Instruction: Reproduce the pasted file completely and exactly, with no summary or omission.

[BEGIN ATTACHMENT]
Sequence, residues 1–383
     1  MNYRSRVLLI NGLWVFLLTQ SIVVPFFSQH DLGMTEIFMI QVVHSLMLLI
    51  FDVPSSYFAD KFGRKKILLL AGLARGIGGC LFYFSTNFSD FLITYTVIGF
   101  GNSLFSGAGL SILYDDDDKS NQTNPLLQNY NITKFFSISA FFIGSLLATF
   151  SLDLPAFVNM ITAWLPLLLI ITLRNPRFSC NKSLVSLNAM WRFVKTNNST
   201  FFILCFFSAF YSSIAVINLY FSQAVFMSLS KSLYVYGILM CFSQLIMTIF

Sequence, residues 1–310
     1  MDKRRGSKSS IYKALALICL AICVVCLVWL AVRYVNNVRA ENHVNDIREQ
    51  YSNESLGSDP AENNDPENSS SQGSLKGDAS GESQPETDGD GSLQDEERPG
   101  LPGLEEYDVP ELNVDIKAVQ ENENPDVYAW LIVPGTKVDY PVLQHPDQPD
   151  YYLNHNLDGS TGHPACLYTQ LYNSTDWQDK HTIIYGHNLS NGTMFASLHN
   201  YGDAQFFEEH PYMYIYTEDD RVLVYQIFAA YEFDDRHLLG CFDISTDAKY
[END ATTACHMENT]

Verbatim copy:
Sequence, residues 1–383
     1  MNYRSRVLLI NGLWVFLLTQ SIVVPFFSQH DLGMTEIFMI QVVHSLMLLI
    51  FDVPSSYFAD KFGRKKILLL AGLARGIGGC LFYFSTNFSD FLITYTVIGF
   101  GNSLFSGAGL SILYDDDDKS NQTNPLLQNY NITKFFSISA FFIGSLLATF
   151  SLDLPAFVNM ITAWLPLLLI ITLRNPRFSC NKSLVSLNAM WRFVKTNNST
   201  FFILCFFSAF YSSIAVINLY FSQAVFMSLS KSLYVYGILM CFSQLIMTIF

Sequence, residues 1–310
     1  MDKRRGSKSS IYKALALICL AICVVCLVWL AVRYVNNVRA ENHVNDIREQ
    51  YSNESLGSDP AENNDPENSS SQGSLKGDAS GESQPETDGD GSLQDEERPG
   101  LPGLEEYDVP ELNVDIKAVQ ENENPDVYAW LIVPGTKVDY PVLQHPDQPD
   151  YYLNHNLDGS TGHPACLYTQ LYNSTDWQDK HTIIYGHNLS NGTMFASLHN
   201  YGDAQFFEEH PYMYIYTEDD RVLVYQIFAA YEFDDRHLLG CFDISTDAKY